There is no better place to gain an insight into human life than the bathroom. Those ideas are magnified when it's three young women in a share house, sharing their inner most thoughts about the meaning of life over a weekend of interactions.
Welcome to the set of Low Level Panic, a play created by British pioneer feminist playwright Clare McIntyre nearly 40 years ago.
This version, set in 1996 in Australia, is the brainchild of HER Productions co-founders Charlotte De Wit and Marigold Pazar. The 70-minute play, directed by Maike Strichow, opened last week and runs October 4-7 in an intimate set, including a filled bathtub, created at Catapult Dance Studio, 880 Hunter Street.
"It's definitely a feminist piece," De Wit said. "But the language that is used and it is written in, doesn't really sit with today's feminism, so we have set it in the '90s. We found the language really didn't sit with the way women talk about the topics and themes within the piece, so we thought setting it a little bit back would make more sense."
The three female characters (played by De Wit, Pazar and Megan Kennedy) cover a lot of territory. Body image. Sexual assault. Pornography. And everything that falls in the cracks in between, as tends to happen in conversation in an intimate space like a bathroom.
"People are absolutely loving it," Pazar said. "A lot of the feedback we've been given, they are coming and sitting down and watching something that feels like an episode of a TV series, or some kind of like, an intimate story with characters they can instantly relate to, and they just want to be able to keep following them. It's funny, and heartbreaking. But after this show, people are very buzzy and they just want to talk about it."
There are no mobile phones or laptops - the play is set in a time before the world changed how people interact. Communication was much more direct - face-to-face.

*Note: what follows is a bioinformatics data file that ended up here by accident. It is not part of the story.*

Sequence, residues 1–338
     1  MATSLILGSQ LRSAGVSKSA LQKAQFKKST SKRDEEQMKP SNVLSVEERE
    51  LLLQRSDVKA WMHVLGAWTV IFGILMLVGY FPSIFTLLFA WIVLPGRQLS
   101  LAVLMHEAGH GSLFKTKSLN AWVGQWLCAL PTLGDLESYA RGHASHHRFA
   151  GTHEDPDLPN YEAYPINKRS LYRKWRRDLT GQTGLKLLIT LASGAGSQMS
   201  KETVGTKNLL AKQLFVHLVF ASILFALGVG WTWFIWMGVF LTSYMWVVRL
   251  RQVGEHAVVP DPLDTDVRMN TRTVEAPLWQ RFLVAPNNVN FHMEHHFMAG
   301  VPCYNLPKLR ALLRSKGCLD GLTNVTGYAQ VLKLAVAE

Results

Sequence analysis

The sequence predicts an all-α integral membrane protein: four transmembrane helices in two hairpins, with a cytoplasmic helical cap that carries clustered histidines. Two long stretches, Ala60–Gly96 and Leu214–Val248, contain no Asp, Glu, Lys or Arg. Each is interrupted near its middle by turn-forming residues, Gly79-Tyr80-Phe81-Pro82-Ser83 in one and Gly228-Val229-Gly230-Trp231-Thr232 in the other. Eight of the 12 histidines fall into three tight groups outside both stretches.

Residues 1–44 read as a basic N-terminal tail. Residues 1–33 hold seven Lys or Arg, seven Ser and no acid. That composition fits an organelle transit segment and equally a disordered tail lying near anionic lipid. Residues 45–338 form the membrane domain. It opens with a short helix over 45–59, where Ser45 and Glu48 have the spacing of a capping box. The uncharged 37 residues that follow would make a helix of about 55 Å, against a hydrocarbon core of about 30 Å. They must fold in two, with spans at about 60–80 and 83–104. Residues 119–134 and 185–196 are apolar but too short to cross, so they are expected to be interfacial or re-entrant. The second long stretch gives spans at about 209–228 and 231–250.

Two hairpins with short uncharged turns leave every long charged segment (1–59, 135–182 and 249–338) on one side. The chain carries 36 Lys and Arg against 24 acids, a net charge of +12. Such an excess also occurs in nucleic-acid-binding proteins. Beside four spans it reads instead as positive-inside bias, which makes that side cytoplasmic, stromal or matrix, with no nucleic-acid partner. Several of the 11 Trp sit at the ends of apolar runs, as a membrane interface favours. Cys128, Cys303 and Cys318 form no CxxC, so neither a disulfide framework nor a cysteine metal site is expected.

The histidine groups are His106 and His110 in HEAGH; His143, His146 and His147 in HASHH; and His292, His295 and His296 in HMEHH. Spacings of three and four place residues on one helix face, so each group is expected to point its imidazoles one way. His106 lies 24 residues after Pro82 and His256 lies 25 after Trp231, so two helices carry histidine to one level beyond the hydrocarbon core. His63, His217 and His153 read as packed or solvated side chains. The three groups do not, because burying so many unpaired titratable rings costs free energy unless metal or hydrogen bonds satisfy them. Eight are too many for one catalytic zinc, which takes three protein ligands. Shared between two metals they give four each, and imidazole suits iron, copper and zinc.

De Wit and Strichow first saw Low Level Panic in 2016 at the Old Fitzroy Hotel in Sydney.
"I just felt completely seen," De Wit said of her reaction to that first viewing in 2016. "I hadn't seen a piece of theatre that really kind of demonstrated the female experience so explicitly and so correctly, and honestly. I took a hiatus from theatre, and after Marigold and I started the company in 2021, this was my top pick. I thought it really represented our company and our brand, our ethos really well."
HER Productions is committed to representing women, amplifying women's voices and ensuring their visibility.
The innocence of the set is perfect. The play opens with the three girls just hanging out, "talking rubbish" in the bathroom of their share house.
"For me, I feel the bathroom is an archetypal safe space for women," De Wit said. "When you're at a club, or just at home getting ready, you are most vulnerable and most safest. And if you are alone in the bathroom, you can completely take every wall down. I think it's an interesting device."
As for the issues raised in Low Level Panic, they haven't disappeared.
"I like that about this play," Pazar said. "You get a chance to reflect. Whereas if you set it in contemporary time, you wouldn't. It gives it another layer of 'have we changed that much?' Or have these things transcended? But then again, we have come so far."
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